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ENG 101 Racial Profiling in America Essay

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Christiana Jenae Tait
ENG-101-MMD
Deborah Artis
April 20, 2016
Racial Profiling in America: A Thing of the Past or Not?
There are people of many different races, ethnicities, and religions living in America today.
Despite the vast racial and cultural diversity of this nation, racism remains constant. It has greatly
impacted society and has branched out into many places, taking on different faces. One of these
faces is racial profiling. From the Holocaust to the civil rights movement to the present day,
minorities have been wrongfully treated. When law enforcement targets these individuals it often
leads to unlawful interrogations, searches without cause, unjustified arrests, abuse, and in some
cases death. Authority figures have hidden behind broken systems to carry out their own prejudices
and racial hatred. Although the evidence of racism is clearly seen, there are varying opinions about
its existence. There are some who believe racism is a thing of the past, and no longer exists. Some
believe it has resurfaced and others believe that it never left.
The belief that racism is a thing of the past is partially accurate. The problem of racial
profiling can be dated back presumably to the 1700s. During slavery, runaways were hunted down
by the white police. In order to avoid being harassed, beaten or even killed, slaves were required
to carry papers saying they could be off their plantations. Even after slavery was no longer legal,
racial profiling became more prevalent during the Civil Rights Movement. It did not matter that
blacks were free and no longer enslaved. They lived in fear because the laws of segregation gave
society the right to openly discriminate against them. The notion however that racism is a thing of

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the past is far from the truth. Even in modern day times we are faced with new levels of racial
profiling. In 2012, Trayvon Martin was shot and killed unjustly. While walking home from the
store he was approached by neighborhood watch captain, George Zimmerman. Although the story
is told a few different ways, Zimmerman was instructed to not follow Trayvon and he ignored the
9-1-1 dispatchers’ orders. Zimmerman approached Trayvon causing there to be a confrontation
and that confrontation ultimately led to Trayvon’s death .The reality is Trayvon was killed because
of racial profiling. He was a young, black man walking down the street with a hood and was
automatically believed to be guilty of doing something wrong. In another instance a woman by the
name of Sandra Bland was found dead in her jail cell three days after her arrest. Sandra was pulled
over by a state trooper for neglecting to signal a turn. The stop turned violent ending with Bland’s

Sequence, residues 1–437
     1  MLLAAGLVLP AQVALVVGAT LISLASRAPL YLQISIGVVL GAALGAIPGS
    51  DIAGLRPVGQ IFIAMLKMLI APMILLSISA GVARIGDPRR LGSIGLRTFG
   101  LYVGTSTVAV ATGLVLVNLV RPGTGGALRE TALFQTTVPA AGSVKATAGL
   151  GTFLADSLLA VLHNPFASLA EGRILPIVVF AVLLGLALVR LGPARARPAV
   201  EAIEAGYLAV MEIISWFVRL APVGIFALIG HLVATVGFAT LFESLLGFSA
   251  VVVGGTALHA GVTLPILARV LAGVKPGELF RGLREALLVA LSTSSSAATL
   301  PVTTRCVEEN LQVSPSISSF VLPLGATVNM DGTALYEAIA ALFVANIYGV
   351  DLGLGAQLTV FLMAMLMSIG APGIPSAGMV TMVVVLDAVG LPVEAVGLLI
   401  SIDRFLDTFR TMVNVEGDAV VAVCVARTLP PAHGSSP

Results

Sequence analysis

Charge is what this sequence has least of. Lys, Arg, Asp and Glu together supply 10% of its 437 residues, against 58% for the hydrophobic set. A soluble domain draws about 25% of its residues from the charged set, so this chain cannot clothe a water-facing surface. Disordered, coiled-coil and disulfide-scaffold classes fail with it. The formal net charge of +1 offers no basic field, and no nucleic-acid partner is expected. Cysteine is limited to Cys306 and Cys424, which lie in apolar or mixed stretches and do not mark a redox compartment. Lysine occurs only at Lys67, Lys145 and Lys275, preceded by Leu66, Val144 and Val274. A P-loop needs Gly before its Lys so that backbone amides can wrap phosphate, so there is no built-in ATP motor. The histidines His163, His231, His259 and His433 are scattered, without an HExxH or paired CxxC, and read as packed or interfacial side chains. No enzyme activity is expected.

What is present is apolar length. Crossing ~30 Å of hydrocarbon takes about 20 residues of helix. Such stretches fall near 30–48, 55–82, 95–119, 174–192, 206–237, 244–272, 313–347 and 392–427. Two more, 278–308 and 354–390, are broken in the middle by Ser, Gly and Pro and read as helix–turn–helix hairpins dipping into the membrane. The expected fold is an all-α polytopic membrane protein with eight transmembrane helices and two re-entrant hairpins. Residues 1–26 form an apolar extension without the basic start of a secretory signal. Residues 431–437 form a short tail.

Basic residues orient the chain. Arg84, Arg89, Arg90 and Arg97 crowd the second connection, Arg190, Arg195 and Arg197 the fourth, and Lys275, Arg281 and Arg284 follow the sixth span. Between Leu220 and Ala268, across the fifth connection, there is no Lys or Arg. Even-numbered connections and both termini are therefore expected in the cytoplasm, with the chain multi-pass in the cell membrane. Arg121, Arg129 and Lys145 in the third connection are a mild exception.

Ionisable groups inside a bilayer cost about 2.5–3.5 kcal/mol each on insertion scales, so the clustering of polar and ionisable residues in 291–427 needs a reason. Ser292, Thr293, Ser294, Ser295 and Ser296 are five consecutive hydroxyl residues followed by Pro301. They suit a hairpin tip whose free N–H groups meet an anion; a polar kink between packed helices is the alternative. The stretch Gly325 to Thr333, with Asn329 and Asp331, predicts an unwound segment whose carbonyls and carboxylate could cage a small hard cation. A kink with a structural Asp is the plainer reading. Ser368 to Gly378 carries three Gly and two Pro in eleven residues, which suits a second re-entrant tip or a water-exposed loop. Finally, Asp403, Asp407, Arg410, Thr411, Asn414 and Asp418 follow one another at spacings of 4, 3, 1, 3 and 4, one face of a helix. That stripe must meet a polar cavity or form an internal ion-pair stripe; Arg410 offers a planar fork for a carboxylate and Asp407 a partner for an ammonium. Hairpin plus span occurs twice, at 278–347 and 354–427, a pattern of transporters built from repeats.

arm injured and being arrested for assaulting an officer. Police claim that her death was suicide.
Some would believe that these recent cases of racial profiling are new or have just
resurfaced. However from slavery until now racial profiling has been consistent. It is a known fact
that racism began to be hidden behind legal systems and practices. The criminal justice system is
a perfect example. There are no written laws or policies to protect against racial profiling, so it has
become a practice within this country that allowed for inequality to continue to fester in every
state. Law enforcement stops people, whether they are driving on the roads or walking on the
sidewalks, and detain them based on race and ethnicity. These race-based institutions directly
target and punish minorities more aggressively than they do whites. Two thirds of the people with
life sentences are non-white according to a 2009 report made by the Sentencing Project. Blacks
receive sentences that are 10% longer than whites for the same crimes. While African Americans
make up 12% of the US population they make up over 50% of the prison and jail population which
is a direct result of racial profiling. According to a “stop and frisk” investigation in New York

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1 Christiana Jenae Tait ENG-101-MMD Deborah Artis April 20, 2016 Racial Profiling in America: A Thing of the Past or Not? There are people of many different races, ethnicities, and religions living in America today. Despite the vast racial and cultural diversity of this nation, racism remains constant. It has greatly impacted society and has branched out into many places, taking on different faces. One of these faces is racial profiling. From the Holocaust to the civil rights movement to the present day, minorities have been wrongfully treated. When law enforcement targets these individuals it often leads to unlawful interrogations, searches without cause, unjustified arrests, abuse, and in some cases death. Authority figures have hidden behind broken systems to carry out their own prejudices and racial hatred. Although the evidence of racism is clearly seen, there are varying opinions about its existence. There are some who believe racism is a thing of the past, and no longer exists. Some believe it has resurfaced and others believe that it never left. The belief that racism is a thing of the past is partially accurate. The problem of racial profiling can be dated back presumably to the 1700s. During slavery, runaways were hunted down by the white police. In order to avoid being harassed, beaten or even killed, slaves were required to carry papers saying they could be off their plantations. Even after slavery was no longer legal, racial profiling became more prevalent durin ...
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